1. A window protection alarm system comprising at least one pair of electrically conductive strips extending across a window, means at one end of said strips for connecting a bias voltage across the pair of strips, an alarm, an electrical alarm actuation control circuit including a voltage responsive alarmactuating switch also connected across the pair of strips at the other end thereof, said alarm-actuating switch being responsive to said bias voltage to maintain said alarm deactuated,

said switch further being responsive to removal of said bias voltage from across said strips to produce actuation of said alarm whereby said window is protected by alarm actuation upon either short circuiting or open circuiting of said strips, said alarm-actuating switch including a resistor connected serially along one of said conductors, a first, PNP-type transistor having its collector connected via a capacitor to one side of said resistor and its emitter connected directly to the other of said conductors, and a second, NPN-type transistor having its emitter connected directly to the other side of said resistor and its collector connected via a further resistor to said other electrical conductor, the base and collectors of said transistors being cross-connected 2. A window protection alarm system as in claim 1 wherein said means for connecting a bias source comprises a bias source holding means mounted on a window casing and a cord including a pair of wires extending from said holding means to said strips whereby said strips may carry a bias voltage even when the window is partially opened.

3. A window protection alarm system as in claim 2 wherein there is provided in conjunction with said electrical alarm actuation control circuit a further switch for disabling said alarm actuation control circuit.

4. A window protection alarm system as in claim 3 wherein said further switch is key operated.

5. A window protection alarm system as in claim 1 wherein said electrical alarm actuation control circuit comprises a single alarm-actuating switch and a plurality of individual window protection circuits each including a pair of said electrically conductive strips, means for connecting a bias voltage source across said strips at one end thereof in each pair and means for connecting said alarm-actuating switch across said strips at the other end of each pair of strips.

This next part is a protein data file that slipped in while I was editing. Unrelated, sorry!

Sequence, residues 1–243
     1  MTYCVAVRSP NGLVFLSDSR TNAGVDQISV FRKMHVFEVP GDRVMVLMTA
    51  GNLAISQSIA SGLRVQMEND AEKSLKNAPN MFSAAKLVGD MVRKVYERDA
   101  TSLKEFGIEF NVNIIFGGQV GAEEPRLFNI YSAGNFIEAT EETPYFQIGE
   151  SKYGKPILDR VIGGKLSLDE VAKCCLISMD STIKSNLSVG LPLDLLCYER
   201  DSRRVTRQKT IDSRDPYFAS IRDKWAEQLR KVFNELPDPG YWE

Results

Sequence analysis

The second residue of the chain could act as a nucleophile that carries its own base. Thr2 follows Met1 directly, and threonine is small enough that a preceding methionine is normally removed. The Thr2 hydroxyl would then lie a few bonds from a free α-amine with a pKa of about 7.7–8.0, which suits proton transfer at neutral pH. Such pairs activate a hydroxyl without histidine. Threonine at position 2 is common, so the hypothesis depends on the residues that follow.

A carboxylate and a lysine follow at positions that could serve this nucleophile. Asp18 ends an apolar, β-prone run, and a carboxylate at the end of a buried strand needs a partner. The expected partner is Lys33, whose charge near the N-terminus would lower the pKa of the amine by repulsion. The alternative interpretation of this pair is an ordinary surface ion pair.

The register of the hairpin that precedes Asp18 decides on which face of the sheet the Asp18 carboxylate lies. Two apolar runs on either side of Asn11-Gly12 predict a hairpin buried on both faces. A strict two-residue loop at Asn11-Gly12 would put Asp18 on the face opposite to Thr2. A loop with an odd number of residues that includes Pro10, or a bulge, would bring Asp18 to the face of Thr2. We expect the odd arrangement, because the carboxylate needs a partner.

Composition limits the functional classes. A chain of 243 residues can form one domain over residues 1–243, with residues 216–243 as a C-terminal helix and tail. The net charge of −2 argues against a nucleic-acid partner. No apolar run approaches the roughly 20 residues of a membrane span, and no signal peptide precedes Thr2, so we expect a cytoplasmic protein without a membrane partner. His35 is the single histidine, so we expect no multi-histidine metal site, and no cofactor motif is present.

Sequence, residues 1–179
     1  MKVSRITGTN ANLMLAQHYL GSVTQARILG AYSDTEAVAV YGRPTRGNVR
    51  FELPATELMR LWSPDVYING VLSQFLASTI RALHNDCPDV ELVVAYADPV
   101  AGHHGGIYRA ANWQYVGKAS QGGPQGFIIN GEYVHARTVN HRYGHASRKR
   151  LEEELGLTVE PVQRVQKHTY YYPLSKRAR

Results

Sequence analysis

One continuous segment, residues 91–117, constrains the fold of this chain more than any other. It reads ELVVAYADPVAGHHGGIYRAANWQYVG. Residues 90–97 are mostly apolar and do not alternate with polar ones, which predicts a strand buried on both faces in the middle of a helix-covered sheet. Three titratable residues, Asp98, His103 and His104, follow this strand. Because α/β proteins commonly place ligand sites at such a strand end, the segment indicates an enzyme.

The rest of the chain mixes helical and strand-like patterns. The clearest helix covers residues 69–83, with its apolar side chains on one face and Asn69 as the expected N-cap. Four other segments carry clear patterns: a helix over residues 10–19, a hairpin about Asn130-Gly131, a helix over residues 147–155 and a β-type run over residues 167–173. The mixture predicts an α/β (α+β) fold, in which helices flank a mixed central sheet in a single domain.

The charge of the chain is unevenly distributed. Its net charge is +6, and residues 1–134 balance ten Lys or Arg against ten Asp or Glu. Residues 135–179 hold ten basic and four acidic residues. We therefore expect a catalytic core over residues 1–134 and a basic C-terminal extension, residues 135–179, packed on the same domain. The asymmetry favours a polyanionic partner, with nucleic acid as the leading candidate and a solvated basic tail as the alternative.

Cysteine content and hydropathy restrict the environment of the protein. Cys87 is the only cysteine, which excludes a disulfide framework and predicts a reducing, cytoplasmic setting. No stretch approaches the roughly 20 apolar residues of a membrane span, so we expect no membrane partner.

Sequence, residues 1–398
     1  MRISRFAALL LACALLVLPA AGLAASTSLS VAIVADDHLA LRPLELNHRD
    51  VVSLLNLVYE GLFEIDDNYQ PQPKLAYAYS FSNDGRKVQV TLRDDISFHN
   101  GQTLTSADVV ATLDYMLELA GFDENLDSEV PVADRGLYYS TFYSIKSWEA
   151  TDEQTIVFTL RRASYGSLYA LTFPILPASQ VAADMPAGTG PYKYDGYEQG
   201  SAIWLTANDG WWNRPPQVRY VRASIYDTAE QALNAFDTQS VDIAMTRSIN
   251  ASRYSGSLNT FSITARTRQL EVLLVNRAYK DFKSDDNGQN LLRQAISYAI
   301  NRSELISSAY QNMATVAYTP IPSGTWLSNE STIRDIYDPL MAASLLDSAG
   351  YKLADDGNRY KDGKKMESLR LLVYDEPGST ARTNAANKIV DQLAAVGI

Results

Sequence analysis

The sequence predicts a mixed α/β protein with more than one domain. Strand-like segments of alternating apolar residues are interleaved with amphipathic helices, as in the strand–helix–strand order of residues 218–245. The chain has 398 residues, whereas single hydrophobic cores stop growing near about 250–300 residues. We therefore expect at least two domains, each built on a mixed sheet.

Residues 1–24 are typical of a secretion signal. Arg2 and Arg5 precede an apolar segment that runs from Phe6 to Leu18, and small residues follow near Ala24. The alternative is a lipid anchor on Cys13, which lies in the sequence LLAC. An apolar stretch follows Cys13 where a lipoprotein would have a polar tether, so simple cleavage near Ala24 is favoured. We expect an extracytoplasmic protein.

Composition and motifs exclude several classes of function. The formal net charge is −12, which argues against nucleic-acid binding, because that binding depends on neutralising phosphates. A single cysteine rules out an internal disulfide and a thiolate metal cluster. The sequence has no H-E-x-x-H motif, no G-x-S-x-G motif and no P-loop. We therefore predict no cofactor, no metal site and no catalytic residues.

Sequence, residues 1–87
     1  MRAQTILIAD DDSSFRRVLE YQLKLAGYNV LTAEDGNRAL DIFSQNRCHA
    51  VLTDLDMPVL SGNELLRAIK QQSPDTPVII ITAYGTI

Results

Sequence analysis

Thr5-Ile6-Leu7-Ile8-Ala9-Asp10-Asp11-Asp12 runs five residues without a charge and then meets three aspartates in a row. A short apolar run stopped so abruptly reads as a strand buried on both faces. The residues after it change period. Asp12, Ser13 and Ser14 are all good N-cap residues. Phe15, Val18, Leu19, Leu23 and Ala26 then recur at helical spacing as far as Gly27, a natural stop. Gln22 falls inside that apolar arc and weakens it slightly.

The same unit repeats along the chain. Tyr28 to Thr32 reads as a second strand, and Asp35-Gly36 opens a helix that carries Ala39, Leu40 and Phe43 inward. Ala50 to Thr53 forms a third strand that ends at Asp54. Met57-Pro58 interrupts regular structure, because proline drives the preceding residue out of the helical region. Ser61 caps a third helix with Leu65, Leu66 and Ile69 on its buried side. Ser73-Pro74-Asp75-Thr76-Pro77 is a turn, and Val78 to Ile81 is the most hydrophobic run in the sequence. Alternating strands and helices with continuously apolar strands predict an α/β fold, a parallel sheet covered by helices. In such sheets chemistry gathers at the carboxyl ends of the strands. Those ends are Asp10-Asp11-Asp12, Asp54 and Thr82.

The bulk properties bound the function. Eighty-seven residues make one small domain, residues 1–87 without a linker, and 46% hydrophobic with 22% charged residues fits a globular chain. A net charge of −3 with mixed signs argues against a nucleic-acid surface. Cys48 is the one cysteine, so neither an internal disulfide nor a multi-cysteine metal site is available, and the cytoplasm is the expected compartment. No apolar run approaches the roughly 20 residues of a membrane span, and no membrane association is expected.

6. A window protection alarm system as in claim 5 wherein said means connecting said alarm-actuating switch across each pair of strips comprises individual switch means connected across each of said pairs of strips and operable to prevent control of alarm actuation by the short circuiting or open circuiting of their respective strips.

7. A window protection alarm system as in claim 1 wherein said alarm actuation control circuit further comprises a pair of electrical conductors connected at one end, respectively, to said other end of each of said strips, and means connecting the opposite ends of said conductors across a source of electrical power, said alarm-actuating switch being responsive to a change in electrical impedance across said conductors to switch to an alarm-actuating condition.

8. A window protection alarm system as in claim 7 wherein said alarm-actuating switch includes a relay having its coil connected serially along one of said conductors, said relay having switch contacts connected to actuate said alarm when said coil is energized and means responsive to a change in impedance across said conductors to electrically connect said leads and permit current to flow through said relay.

9. A window protection alarm system as in claim 7 wherein said window protection circuit includes a sensor switch electrically connected across said one end of said electrical conductors, said sensor switch being normally closed and held to open condition by the application thereto of bias voltage applied via said strips.

10. A window protection alarm system as in claim 9 wherein said sensor switch comprises a transistor having its emitter and collector terminals connected respectively to said conductors and one of said terminals and its base connected respectively to said other end of said strips.

11. A window protection alarm system as in claim 1 wherein said bias voltage source comprises a photovoltaic cell connected across said one end of said electrically conductive strips and arranged to have light incident thereon.

12. A window protection alarm system according to claim 2 wherein said strips extend side by side in parallel fashion across said window.

tive transparent coating on the surface of said window.

16. A window protection alarm system as in claim 15 wherein said electrically conductive coating comprises tin oxide.

17 A window protection alarm system as in claim 15 wherein said pane including said transparent coating is further covered over with a transparent electrically nonconductive protective coating.

18. A window protection alarm system as in claim 17 wherein said protective coating comprises silicon monoxide.

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Referenced by
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Classifications
U.S. Classification340/508, 200/61.62, 340/693.2, 340/550, 340/693.1
International ClassificationG08B13/02, G08B13/04
Cooperative ClassificationG08B13/04
European ClassificationG08B13/04